Fitting Balusters

Most conventional staircases feature balusters – wooden splints that run vertically from the handrail to the stair. Some homeowners find it a daunting prospect to repair or replace damaged balusters simply because of the poor accessibility of the baluster. This is the best way to do it.

Cut and closed string

Balusters vary depending on the type of staircase. Balusters on cut string staircases fit into mortises or slots inside the ends of the treads. On a closed string staircase, they rest in a groove inside the string capping and have short lengths of timber set between them as spacers. Their top ends are either skew-nailed to the handrail or set in a groove in its underside.

Single balusters

Replacing a missing baluster usually means having to dismantle the balustrade. Even so it is achievable to replace the odd one by splicing a new baluster into two at an angle in a convenient position, then fitting new top and bottom pieces into the rail and string and then carefully remarrying the two halves with glue and countersunk screws.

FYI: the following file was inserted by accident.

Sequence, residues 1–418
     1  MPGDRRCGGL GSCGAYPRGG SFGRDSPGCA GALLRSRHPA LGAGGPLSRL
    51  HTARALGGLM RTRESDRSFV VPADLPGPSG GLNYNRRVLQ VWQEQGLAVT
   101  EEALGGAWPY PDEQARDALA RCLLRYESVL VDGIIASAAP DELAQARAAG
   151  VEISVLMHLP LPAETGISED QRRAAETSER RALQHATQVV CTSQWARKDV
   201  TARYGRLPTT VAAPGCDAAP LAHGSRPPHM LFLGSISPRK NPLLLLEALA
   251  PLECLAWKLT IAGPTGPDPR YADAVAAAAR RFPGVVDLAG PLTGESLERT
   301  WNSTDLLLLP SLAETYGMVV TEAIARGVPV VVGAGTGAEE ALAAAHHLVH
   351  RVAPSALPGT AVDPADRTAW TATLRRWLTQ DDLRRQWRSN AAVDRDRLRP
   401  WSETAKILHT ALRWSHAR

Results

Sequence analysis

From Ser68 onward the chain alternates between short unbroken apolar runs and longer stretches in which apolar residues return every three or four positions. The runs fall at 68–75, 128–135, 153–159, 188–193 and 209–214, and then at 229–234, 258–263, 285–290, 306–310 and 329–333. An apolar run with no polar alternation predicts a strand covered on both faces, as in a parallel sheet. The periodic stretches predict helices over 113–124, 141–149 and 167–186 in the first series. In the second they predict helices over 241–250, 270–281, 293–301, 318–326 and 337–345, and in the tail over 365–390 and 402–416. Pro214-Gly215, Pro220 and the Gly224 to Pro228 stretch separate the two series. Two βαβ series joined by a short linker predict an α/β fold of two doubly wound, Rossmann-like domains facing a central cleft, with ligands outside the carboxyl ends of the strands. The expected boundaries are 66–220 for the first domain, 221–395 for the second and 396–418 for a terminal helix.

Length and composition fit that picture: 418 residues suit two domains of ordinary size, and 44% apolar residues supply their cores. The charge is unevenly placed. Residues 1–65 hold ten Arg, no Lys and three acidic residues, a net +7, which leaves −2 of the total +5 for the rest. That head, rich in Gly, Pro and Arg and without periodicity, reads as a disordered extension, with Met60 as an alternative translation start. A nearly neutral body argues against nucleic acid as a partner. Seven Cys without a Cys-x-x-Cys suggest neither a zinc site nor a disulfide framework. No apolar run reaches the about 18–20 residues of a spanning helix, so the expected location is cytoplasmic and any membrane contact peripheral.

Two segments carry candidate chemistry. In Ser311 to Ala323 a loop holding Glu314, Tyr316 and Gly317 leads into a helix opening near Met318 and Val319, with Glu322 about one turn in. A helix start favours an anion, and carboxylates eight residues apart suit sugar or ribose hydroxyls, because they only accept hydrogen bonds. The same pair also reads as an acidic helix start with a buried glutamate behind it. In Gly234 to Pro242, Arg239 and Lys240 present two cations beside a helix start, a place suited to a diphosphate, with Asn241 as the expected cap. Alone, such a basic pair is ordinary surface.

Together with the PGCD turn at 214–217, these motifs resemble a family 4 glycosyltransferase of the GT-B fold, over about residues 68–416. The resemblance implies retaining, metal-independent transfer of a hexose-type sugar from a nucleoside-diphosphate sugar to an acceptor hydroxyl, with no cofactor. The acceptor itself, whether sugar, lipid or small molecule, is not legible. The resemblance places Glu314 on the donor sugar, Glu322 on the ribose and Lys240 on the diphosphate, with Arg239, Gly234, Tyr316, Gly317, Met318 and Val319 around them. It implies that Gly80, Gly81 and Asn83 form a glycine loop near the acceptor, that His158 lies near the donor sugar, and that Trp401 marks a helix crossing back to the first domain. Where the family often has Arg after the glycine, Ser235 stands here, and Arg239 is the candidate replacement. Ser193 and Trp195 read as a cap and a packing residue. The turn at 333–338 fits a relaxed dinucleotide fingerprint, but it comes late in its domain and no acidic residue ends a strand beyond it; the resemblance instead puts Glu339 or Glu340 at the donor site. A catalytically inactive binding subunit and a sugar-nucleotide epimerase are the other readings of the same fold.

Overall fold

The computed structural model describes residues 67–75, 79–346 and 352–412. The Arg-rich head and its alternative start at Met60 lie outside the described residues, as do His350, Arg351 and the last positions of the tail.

Preparing balusters

In the event you need to replace quite a few balusters, then make certain that identical ones are obtainable before completely dismantling the staircase. Square-section balusters are uncomplicated to match, but turned balusters may well need to be specially made. In this case if you give an undamaged baluster to a skilled woodturner, he might be able to make replicas however it will be high priced.


If the balusters on a cut-string staircase have worked loose, drive modest glue-soaked timber wedges into any gaps inside the tread mortise. Then, to secure them entirely, drive in two nails or fine screws at an angle to lock the end of the baluster to the tread. With closed-string flights, skew nail the baluster to the string with either sort, then do the exact same at the point where the baluster meets the handrail. Finish off by concealing the repair using wood filler.